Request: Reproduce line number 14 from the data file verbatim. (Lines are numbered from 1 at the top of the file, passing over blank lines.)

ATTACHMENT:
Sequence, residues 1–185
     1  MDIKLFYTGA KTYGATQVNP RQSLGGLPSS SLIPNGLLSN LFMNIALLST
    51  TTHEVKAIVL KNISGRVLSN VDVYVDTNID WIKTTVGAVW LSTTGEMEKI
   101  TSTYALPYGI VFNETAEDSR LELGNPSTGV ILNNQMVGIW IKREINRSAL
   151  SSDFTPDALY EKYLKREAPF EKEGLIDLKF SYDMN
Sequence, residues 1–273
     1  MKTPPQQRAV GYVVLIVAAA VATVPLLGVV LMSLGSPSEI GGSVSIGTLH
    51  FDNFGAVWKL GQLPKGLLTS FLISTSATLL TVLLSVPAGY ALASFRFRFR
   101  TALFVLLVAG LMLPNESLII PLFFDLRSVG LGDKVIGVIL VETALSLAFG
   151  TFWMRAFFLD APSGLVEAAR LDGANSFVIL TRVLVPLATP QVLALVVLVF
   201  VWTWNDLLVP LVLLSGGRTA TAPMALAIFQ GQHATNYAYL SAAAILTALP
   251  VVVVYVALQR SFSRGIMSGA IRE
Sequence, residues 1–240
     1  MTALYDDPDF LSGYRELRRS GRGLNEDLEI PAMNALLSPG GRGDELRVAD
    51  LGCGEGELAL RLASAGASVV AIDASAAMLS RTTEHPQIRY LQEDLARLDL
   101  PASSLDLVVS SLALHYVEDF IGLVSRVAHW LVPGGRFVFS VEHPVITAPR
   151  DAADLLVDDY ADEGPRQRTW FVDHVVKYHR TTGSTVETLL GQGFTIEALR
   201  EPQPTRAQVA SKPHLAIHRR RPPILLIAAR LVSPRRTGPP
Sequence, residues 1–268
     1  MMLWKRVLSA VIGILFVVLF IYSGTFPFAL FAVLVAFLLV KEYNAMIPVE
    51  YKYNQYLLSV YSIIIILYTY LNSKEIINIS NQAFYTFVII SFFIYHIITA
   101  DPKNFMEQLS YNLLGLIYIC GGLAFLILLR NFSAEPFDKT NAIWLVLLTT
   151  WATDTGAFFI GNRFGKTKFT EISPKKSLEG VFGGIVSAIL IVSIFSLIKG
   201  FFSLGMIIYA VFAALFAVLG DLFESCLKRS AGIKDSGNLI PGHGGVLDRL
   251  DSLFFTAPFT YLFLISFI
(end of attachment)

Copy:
     1  MTALYDDPDF LSGYRELRRS GRGLNEDLEI PAMNALLSPG GRGDELRVAD